The World Health Organization (WHO) has launched a public consultation on guidelines for sugar intake – and says our daily limit should be halved.
The consultation, launched this week, comes as the debate about sugar heats up here in the UK, with the Chief Medical Officer calling for a tax on sugar.
In a new draft guideline, the WHO said all people should try to reduce the amount of sugar they consume. It reiterated its 2003 guidance that countries should set an upper limit of 10% of daily calories from sugar – but said the ideal level would be 5%.
WHO said: “Much of the sugars consumed today are ‘hidden’ in processed foods that are not usually seen as sweets. For example, 1 tablespoon of ketchup contains around 4 grams (around 1 teaspoon) of sugars. A single can of sugar-sweetened soda contains up to 40g (around 10 teaspoons) of sugar.”
Responding to the WHO draft guidance on sugars intake, Barbara Gallani, director of regulation, science and health at the Food and Drink Federation, said: “Where weight gain is referenced in the draft guidance, this too supports current UK government policy and industry action to reduce calories in the diet. Excess calories, whether from fat, sugars or other nutrients, can result in weight gain, which is why UK food and drink producers are working to reduce calories in their products, many doing so under the UK government’s Responsibility Deal calorie reduction pledge.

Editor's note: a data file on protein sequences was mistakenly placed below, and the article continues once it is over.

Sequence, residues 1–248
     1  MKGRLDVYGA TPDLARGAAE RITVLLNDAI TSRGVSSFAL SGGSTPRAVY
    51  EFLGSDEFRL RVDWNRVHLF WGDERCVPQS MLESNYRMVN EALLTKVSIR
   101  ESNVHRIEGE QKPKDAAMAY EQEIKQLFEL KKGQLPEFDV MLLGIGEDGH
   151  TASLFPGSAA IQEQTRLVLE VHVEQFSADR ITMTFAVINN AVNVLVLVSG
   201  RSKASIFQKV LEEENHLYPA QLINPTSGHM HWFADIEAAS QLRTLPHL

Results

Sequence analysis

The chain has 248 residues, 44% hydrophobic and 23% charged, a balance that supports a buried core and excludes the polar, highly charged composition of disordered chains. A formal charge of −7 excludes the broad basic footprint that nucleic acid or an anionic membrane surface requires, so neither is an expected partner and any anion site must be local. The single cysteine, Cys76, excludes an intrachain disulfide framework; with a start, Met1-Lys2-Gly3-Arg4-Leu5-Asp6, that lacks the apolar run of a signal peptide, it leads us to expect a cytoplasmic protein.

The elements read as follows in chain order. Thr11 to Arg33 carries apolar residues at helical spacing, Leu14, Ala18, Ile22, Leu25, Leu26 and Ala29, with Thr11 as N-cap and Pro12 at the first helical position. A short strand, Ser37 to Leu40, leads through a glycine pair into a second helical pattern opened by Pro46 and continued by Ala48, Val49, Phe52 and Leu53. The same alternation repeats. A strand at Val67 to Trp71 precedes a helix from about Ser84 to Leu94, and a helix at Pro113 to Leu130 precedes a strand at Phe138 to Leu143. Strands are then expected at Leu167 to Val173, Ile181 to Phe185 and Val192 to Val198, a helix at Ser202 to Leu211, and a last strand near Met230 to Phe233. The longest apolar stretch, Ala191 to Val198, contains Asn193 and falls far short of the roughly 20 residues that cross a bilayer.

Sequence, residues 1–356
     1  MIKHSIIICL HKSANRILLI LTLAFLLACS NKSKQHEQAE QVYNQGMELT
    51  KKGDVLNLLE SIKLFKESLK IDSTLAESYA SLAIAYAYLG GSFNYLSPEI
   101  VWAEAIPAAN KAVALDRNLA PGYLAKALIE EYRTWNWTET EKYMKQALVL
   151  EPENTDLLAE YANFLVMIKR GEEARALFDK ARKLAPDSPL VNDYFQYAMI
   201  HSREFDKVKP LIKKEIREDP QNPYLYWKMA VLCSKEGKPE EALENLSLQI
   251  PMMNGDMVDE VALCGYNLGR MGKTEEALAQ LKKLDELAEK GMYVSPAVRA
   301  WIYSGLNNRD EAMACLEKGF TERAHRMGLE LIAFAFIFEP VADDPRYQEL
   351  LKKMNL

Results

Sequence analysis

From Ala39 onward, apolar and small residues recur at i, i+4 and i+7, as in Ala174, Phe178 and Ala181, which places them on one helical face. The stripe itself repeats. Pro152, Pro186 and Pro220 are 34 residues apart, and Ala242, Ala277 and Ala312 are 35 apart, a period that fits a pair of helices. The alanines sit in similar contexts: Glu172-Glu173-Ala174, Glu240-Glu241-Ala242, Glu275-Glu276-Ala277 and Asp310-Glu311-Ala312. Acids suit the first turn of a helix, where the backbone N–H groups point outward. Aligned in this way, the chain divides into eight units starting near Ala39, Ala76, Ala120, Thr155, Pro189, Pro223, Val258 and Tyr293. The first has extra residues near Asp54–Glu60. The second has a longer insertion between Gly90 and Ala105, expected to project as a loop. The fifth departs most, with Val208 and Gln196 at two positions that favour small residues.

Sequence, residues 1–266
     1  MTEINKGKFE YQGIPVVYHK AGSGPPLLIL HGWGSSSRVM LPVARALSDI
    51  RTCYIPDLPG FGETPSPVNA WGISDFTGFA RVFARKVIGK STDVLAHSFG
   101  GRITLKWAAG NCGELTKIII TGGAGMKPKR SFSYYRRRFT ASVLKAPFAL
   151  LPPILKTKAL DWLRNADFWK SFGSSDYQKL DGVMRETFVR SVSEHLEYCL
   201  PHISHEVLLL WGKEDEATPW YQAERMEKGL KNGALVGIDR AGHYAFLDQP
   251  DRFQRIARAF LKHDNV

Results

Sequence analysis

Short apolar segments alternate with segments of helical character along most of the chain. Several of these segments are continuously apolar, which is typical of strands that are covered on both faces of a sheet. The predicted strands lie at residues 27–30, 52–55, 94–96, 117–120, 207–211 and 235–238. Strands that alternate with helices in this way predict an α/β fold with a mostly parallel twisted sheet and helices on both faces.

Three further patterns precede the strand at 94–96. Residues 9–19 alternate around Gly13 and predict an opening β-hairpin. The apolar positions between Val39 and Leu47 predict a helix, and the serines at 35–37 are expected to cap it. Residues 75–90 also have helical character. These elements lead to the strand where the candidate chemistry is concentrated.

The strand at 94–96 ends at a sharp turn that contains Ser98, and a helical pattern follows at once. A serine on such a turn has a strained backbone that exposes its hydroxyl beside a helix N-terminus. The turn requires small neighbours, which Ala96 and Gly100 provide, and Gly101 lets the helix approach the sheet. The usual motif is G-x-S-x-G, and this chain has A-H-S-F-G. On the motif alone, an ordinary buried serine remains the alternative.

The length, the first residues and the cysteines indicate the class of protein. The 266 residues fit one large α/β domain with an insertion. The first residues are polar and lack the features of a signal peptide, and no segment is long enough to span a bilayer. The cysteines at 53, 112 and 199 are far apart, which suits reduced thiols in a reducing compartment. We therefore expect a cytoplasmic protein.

“Where a conditional recommendation of a further reduction of sugars intake to below 5% of total energy is made, the report cautions that there is greater uncertainty about the quality of the underpinning science base. WHO emphasises the need for ‘substantial debate and involvement of stakeholders before this recommendation can be adopted as policy’.”
Earlier this week, Dame Sally Davies told a committee of MPs that unless the government was strong with food and drink manufacturers, it was unlikely they would reformulate their products. She said she believed “research will find sugar is addictive”, and that “we may need to introduce a sugar tax”.
The charity Sustain, which advises the government on the food and farming industry, said the UK consumes more than 5,727 million litres of sugary soft drinks a year. Adding a 20p tax for every litre sold would raise more than £1.1bn.